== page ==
An expert view: Chris Vandewalle, beer historian

LO-RENINGE - “Look at this!” Chris digs out an old, small leather suitcase that contains an original, hand-written brewer’s handbook dating back to 1856. “I can read it perfectly well and I know exacly what the brewer set out to do. I compare it with my own study materials, integrate my findings with my own experience as a brewer and listen to my gut feeling.”

Chris Vandewalle knows what he is talking about. This man is a historian, in charge of the Diksmuide city archives, as well as a brewer.

His Vandewalle seasonal brewery, founded in 2011, is a seamless addition to a family brewing tradition that goes back to the mid-18th century.

There are relationships with other well-known historic Belgian breweries that are still plying their trade too, such as Van Eecke in Watou and Boezinge’s Leroy. This archivist is captivated by local brewing history.

His seizoensbrouwerij makes a Reninge Bitter Blond and a Reninge Oud Bruin.

The first is a well-hopped, blonde seasonal beer, brewed between the months of September and May. The oudbruin, or old brown, is a beer style (traditionally) produced in winter. “I have joined the tradition of versnijbieren (cut beers, a young beer blended with a beer that is one year old),” Chris says.

“The oudbruine continues to mature in large wooden barrels, or foeders’,” he explains. “Brewers used to be blenders first and foremost.

By cutting a young beer into an old one, they managed to extend the storage period of the beer.

Take a look at the gueuzestekers who blend various lambics up to this day.

Until the 1950s my family was producing a lambic in the valley of the IJzer (Yser) that was blended to produce a gueuze. This gave me the idea to blend an Oud Beersel lambic with a Reninge Bitter Blond.”



Back to The Roots

Chris brews beers that are inspired by the Westhoek region’s original beers. His aim is to produce a taste that is as pure as possible. For example, he uses new Burgundy barrels. He procures his soft water from the IJzer reservoir, only uses hops from the nearby village of Poperinge, and allows his beers to ferment spontaneously in open basins.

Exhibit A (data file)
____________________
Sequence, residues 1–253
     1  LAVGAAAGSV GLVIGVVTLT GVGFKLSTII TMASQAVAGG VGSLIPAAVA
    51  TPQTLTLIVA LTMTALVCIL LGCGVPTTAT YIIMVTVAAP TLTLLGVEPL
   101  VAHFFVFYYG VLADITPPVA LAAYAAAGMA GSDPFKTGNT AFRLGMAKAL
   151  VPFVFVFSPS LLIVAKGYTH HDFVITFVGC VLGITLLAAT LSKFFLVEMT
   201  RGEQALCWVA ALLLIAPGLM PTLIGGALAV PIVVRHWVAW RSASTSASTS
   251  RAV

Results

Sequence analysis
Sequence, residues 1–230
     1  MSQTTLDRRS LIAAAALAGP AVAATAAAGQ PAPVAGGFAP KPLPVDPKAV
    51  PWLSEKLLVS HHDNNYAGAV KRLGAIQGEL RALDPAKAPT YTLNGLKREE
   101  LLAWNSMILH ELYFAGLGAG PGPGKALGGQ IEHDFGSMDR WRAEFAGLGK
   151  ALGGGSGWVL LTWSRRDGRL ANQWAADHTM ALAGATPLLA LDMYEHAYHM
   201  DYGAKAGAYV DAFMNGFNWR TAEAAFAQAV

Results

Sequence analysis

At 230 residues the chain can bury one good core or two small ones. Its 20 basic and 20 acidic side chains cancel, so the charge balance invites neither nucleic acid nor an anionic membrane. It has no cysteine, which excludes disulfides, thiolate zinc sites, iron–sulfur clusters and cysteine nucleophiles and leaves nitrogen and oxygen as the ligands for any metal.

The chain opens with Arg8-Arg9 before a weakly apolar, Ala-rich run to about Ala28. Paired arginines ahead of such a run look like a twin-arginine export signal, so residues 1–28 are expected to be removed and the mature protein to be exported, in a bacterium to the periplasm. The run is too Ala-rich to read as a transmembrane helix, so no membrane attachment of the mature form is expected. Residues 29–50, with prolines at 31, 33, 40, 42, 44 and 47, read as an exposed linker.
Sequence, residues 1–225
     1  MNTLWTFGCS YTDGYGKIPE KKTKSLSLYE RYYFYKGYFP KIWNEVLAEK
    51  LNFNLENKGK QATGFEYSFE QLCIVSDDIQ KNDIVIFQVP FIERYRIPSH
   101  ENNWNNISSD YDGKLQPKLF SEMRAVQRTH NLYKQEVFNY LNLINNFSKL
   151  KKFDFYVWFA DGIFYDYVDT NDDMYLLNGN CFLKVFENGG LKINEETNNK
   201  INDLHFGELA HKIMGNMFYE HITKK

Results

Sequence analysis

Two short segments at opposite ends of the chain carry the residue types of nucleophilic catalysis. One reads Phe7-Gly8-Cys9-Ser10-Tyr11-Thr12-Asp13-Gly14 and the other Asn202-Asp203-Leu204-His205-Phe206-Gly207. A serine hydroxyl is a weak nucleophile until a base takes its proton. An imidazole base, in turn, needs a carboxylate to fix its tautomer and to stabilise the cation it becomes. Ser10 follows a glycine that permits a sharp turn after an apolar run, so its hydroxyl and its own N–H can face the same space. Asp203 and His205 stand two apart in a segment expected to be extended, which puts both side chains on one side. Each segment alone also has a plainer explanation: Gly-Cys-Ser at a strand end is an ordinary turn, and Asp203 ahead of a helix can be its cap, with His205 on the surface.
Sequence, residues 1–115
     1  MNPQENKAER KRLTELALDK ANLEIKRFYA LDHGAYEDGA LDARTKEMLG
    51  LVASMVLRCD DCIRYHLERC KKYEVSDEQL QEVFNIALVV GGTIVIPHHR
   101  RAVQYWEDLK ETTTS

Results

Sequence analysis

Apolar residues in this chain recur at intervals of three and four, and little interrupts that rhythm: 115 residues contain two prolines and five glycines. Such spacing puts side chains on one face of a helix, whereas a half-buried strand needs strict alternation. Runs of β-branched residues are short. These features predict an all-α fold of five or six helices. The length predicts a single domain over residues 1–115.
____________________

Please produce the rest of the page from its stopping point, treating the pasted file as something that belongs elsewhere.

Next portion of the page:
“Did you know that fruit beers, such as kriek, were prevalent in the Westhoek region?” he asks me. “There used to be orchards covering up to 10 acres".

"This region was known for its apples, pears, nuts, krieken cherries... until we were shot to pieces in the First World War. This also signalled the end for up-and-coming local breweries".

"At the end of the 19th century, quite a few farmers had started to produce their own brews. After the war, a number of them invested their war compensation funds into the Brasserie Centrale Yproise in Ypres and started producing bottom-fermented beers such as the Ypra Pils".

"This brewery was closed down in the 1960s.” Once the brewer puts on his historian’s hat, the flow of words is unstoppable.

I want to know Chris’s secret: how does he give his beers such a pronounced taste? “In the first place, I select my ingredients with the utmost care,” he answers. “For example, I only work with hops that have been harvested locally; I only use noorderkrieken cherries picked from a local orchard in Veurne-Ambacht….”

It is obvious that this brewer sets his benchmark very high. “If you use open fermentation you have to take the climate into account,” he says. “When summer is at its peak, spontaneous fermentation will fail".

"Also, you have to stay around at all times to keep an eye on the process, to replenish the basins when required, etc.”

And, before you ask, I am not allowed a glimpse of the kriek that is maturing in the barrels. At this stage of the brewing process, the brew has not yet been exposed to oxygen.



Taking Your Time

In the meantime, a steaming casserole of 'stoverij' (beer braised beef) is put on the table, accompanied by the ubiquitous golden-brown fries. This delicious typical dish is helped on its way with a freshly-sour oudbruin beer.

We finish off our tasting with a blended beer containing Reninge Bitter Blond and a lambic in which the lactic acid bacteria that are native to this region have left their mark.

The bottles on the table have not yet been wrapped by hand in silk paper, unlike those that are marketed to the public.

We take our time to enjoy beers that have been given plenty of time to reach their peak. This process takes three months for the blonde, twelve months for the oudbruin and as long as fifteen months for the kriek…

This (late) New Year’s dinner makes you call out for more.

If you want to taste the beers made by the smallest brewery in the Westhoek, a degustation is the way to go. The neighbours, who are also after more of this delicious beer, have found a crafty way.

They leave the empty beer bottles out at their front door, hoping that the brewer will refill them. It’s worth a try when I am next in the area.